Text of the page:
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From Paul Querna <p...@querna.org>
Subject [libcloud] Integrating Images for Providers and End Users
Date Tue, 06 Apr 2010 03:04:41 GMT
Hi Everyone,

Today at the Cloudkick Office, I met with a dozen people involved in
the Cloud Hackers group <http://twitter.com/cloudhackers>.  Included
in the group were Sebastien and Solomon who wrote dotCloud's
Cloudlets.

We had many discussions about Cloud Image Formats, and Cloudlets,
including a cool demo of using Cloudlets.

What I would like to focus on in this mail is the design of how
Cloudlet images would interact with Providers, and how users would be
able to create their own images for use on multiple providers.

I believe the user facing interface for cloudlets on the command line
is already very useful for anyone managing images;  It provides
versioning and an easy way to describe how the image should be
rendered.

The Cloudlet Image format, while still in flux around some areas, has
two main parts: The Manifest file, and a filesystem.  The manifest is
a JSON file that specifies many attributes of the images, from how it
is booted, to what files are templates, and what the inputs are to a
template.

Fundamentally, I believe most providers do not want a complicated
system tied to booting nodes -- I believe any design needs to enable
them to already leverage their existing methods of distributing
images, so directly extending the create_node API in every provider to
reference a URL or something down this path is difficult.

I believe the best way of integration for a provider, would be to add
a create image call to their API, which took a manifest file as the
payload.   The Provider would then return to the user an ID for this
image.  Inside the manifest file, it would reference a URL to a
tarball which contained the filesystem.  (There is some discussion
about the details of what is included in the create_image call, do you
PUT the whole tarball, reference it, encrypt it, sign it, etc, but IMO
these are details to be worked out, not a fundamental change in
architecture.)

The key piece of software that would need to be constructed, is a
Cloudlets Rendering service.  It would securely take the manifest
file, an output path, output provider, and an output type, to produce
an bootable image.  By making the outputs configurable, you could make
it write to a SAN in OVF, or to an HTTP url in a Xen format --
whatever the hosting provider needs.   This must be plugable, because
I believe it will vary greatly between deployments, and I believe will
follow how different our drivers are for libcloud already.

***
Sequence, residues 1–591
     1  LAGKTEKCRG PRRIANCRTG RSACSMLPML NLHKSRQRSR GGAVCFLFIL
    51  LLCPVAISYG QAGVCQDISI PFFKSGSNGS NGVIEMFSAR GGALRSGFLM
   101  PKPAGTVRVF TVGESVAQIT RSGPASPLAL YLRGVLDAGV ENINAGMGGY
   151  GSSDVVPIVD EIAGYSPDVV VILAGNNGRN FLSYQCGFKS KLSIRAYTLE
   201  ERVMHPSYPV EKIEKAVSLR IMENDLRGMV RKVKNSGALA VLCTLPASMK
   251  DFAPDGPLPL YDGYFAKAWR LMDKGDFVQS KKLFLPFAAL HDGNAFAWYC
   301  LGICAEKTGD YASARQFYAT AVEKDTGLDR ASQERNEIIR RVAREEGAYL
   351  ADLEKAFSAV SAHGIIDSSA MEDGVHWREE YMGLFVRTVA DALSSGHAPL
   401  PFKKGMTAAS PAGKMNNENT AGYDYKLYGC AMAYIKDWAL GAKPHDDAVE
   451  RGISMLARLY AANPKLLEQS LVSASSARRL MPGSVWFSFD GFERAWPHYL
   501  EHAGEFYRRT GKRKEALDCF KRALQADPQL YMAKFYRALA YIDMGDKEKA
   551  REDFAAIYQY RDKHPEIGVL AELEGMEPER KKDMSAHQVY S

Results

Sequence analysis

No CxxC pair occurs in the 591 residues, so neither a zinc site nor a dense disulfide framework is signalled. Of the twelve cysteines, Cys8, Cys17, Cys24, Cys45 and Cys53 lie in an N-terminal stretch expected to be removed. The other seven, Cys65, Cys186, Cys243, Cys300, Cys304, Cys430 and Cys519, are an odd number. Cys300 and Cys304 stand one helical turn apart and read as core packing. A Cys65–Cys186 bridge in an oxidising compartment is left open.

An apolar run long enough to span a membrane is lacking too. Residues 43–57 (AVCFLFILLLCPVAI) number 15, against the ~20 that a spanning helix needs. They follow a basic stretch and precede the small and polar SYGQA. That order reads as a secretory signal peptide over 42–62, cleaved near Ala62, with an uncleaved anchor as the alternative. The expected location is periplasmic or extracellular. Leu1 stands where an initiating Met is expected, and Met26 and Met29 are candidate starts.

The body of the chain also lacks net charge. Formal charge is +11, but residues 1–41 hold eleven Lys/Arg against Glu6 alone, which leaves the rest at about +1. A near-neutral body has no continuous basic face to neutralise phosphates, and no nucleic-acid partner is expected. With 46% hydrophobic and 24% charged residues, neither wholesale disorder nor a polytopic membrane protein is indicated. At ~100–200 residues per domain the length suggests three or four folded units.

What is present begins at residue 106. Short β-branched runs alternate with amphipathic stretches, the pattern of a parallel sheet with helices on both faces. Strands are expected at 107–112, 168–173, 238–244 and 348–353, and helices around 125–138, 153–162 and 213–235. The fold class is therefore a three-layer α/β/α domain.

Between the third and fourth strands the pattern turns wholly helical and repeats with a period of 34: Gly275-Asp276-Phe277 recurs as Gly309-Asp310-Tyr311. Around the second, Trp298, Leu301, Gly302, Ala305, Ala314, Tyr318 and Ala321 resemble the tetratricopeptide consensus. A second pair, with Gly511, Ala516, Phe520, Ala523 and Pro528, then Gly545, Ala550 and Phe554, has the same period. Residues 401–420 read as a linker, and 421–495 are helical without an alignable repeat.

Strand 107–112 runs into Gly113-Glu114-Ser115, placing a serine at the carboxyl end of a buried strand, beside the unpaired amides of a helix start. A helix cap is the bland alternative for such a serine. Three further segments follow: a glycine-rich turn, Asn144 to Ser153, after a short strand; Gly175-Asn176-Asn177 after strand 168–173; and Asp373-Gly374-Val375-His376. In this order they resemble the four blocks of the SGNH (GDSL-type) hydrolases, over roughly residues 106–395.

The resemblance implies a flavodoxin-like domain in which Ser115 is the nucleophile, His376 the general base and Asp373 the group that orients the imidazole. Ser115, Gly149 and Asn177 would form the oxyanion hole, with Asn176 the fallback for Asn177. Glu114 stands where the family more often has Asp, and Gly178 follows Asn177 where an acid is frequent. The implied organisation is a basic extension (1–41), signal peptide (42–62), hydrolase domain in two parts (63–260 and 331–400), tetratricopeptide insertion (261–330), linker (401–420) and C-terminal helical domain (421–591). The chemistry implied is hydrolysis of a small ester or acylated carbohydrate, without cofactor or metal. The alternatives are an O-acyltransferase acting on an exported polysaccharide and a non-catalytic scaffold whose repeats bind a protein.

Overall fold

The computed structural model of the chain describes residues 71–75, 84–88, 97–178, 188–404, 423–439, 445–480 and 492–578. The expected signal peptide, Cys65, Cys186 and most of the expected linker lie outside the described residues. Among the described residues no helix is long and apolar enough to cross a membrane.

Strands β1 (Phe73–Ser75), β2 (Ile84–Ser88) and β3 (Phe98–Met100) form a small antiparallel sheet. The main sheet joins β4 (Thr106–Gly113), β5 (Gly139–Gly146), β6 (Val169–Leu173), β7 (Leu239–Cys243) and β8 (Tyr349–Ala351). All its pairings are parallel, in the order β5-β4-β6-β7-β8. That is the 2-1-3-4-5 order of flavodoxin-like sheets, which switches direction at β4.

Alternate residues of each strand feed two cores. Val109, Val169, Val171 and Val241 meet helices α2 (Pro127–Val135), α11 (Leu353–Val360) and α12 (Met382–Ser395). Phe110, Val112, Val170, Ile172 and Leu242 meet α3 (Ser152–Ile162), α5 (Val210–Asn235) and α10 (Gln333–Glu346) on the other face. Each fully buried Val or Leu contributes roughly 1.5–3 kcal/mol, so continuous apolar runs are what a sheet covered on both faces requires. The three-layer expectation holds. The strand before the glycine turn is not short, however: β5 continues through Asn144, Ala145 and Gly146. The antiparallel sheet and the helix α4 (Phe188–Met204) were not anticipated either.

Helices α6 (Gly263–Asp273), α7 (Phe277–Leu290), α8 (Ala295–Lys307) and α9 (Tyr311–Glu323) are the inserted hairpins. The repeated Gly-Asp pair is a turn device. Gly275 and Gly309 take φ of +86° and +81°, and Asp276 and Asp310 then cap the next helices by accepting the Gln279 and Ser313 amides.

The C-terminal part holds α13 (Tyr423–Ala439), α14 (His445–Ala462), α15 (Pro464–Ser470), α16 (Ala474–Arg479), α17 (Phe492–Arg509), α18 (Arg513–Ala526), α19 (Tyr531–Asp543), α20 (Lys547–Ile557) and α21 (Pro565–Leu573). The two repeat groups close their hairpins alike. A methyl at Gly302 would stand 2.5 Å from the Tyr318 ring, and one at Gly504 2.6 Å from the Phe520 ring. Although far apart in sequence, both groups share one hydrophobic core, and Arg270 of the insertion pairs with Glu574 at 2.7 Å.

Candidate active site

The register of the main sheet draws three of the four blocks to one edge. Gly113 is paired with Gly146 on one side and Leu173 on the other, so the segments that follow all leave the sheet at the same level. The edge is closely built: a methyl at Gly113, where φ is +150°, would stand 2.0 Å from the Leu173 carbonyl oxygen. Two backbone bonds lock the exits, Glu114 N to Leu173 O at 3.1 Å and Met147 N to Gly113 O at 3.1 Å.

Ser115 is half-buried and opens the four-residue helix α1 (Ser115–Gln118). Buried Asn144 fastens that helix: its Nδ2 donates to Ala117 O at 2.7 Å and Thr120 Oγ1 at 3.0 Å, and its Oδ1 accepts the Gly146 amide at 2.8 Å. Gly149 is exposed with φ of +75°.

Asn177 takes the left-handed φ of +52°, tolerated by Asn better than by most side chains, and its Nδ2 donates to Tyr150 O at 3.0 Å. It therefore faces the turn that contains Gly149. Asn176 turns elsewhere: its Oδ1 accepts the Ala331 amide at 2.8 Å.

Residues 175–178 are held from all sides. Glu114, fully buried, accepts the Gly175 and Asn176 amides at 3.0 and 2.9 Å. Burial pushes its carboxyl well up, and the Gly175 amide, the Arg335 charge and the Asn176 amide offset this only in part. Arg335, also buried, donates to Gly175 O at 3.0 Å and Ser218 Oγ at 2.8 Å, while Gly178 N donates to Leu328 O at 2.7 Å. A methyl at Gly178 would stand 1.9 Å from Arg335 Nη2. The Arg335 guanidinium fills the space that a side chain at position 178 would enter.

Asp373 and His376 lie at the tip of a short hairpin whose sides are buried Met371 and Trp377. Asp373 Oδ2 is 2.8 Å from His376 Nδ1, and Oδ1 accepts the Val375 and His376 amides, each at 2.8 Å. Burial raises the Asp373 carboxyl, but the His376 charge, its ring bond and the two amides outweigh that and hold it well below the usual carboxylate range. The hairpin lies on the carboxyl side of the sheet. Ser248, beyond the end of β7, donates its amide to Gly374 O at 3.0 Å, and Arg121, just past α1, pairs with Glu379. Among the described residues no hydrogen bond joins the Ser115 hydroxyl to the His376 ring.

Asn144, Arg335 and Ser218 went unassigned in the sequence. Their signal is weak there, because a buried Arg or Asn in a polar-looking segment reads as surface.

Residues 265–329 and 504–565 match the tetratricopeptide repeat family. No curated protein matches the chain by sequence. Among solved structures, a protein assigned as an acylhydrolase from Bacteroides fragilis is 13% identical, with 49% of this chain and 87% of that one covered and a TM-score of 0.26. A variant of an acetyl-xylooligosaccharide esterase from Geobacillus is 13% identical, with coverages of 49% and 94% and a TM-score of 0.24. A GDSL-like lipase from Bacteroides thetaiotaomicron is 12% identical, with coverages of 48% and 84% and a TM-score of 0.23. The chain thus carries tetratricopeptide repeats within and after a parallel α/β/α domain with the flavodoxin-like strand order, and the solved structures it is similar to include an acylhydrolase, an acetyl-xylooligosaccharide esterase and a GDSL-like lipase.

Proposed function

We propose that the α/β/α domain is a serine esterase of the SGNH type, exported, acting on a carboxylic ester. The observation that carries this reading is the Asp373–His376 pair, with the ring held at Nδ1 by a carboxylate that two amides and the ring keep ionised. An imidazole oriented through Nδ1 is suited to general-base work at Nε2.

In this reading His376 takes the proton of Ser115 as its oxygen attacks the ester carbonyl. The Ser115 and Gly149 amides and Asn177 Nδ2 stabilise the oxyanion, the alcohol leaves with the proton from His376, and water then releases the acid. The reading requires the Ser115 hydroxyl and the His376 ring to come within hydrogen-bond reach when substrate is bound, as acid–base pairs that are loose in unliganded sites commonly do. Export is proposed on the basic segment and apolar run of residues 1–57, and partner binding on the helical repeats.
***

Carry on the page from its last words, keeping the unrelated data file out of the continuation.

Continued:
The Rendering service would take care of downloading the tarball,
caching it, and then coveting it to the output format, and saving it
to the output location.  The providers would be able to at render time
be able to pre-set much of the metadata used by the image, such as its
IP address configuration.   Once the rendering service outputs the
image, it would be the responsibility of the hosting provider to close
the loop: Provide a way for the image to show up in their list images,
and of course for it to be used as a parameter to create image.

Things like a mirror network built around the images, can easily be
done; the rendering service can know to rewrite mirrors.cloudlets.com
urls to a local mirror at each provider, so if we produced a set of
golden base images, or even high level services, it would be easy to
let each provider mirror them for faster service to their users.

Sebastien and Solomon are discussing how to implement a demo of the
Cloudlets Rendering Service, built on top of Amazon EC2.   You would
make an rest call to create_images, it would build an AMI, store it on
s3, and then return to you an AMI Id that you could use to boot it.
As long as we built the outputs and formats in plug able ways,
building it on top of amazon would make it easier to make sure the
basic ideas all work, and serve as an exmaple for hopefully how
hosting providers could implement it themselves.

I would really like some feedback on the general idea from the tech
side of the hosting providers.  I am happy to explain more of the
idea, and hopefully will find time tomorrow to draw a picture of it;
I don't know enough of how everyone is distributing images already
internally, are you using SANs, something over http, or nfs, or
something else completely, but I think as long as we made it in easily
replaceable modules, I think we can make it work for everyone.

Thoughts?

Thanks,

Paul

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